A data apprenticeship programme has been launched in the Manawatū to help Māori in the region enhance their data capabilities.
The Poipoia Data Apprenticeship programme was the brainchild of Auraki Group Limited, with the goal of boosting Māori STEAM (Science, Technology, Engineering, Arts and Mathematics) capability.
Co-founder of Auraki group Naomi Manu said the programme will help address colonial bias that might be inherent in data and grow the Māori data workforce, which was currently quite small.
"We need to ensure that we have data capability across our organisations, particularly Māori and iwi organisations... so that we can, I think importantly, ensure that we are applying a tirohanga Māori or a Māori lens to data."
Manu said if more Māori have the skills to collect, analyse and interpret data then they will be better placed to address social, economic and environmental issues affecting their communities, without simply focusing on deficit questions.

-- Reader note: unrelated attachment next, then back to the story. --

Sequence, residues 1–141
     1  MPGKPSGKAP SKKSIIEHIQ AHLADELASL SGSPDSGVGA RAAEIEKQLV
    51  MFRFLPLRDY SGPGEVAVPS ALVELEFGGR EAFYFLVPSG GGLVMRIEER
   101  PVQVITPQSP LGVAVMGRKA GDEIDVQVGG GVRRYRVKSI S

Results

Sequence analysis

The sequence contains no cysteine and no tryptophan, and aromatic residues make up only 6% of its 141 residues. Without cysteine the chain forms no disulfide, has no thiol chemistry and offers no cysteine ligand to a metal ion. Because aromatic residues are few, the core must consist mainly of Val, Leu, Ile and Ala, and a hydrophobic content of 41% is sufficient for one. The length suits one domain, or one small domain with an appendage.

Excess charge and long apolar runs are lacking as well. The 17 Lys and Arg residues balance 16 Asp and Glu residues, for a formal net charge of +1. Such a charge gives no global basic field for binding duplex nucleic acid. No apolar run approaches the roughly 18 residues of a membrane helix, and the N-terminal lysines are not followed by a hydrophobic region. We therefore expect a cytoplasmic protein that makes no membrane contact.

Auraki was working with local iwi and Māori organisations including Rangitāne o Manawatū, Rangitāne o Tamaki Nui-a-Rua, Highbury Whānau Centre, Te Kāika and Māori pākihi (business) TKO Plumbing.
As the apprentices start to receive an understanding of data analytics concepts, tools and techniques they will be able to uncover data insights that will improve outcomes for their communities, Manu said.
"The apprentices come together on the Rangitāne o Manawatū campus and we use their facilities.
"We come together every fortnight and we're able to then start to build a bit of a community of Māori data analysts."
Participants will also receive a certificate upon completion of the programme, which will recognise their tirohanga Māori (Māori world view) technical data capabilities and writing skills.
Manu said the programme will help establish Māori leadership around topics such as data sovereignty and generative AI.
"We need to become more aware of generative AI, what it is, how it might impact and provide some leadership and guidance around how we manage that as Māori.
"To be able to keep our people safe but at the same time providing leadership around the ethical use of generative AI."
It was important that Māori were thinking about how to protect their data and information in an increasingly online world, she said.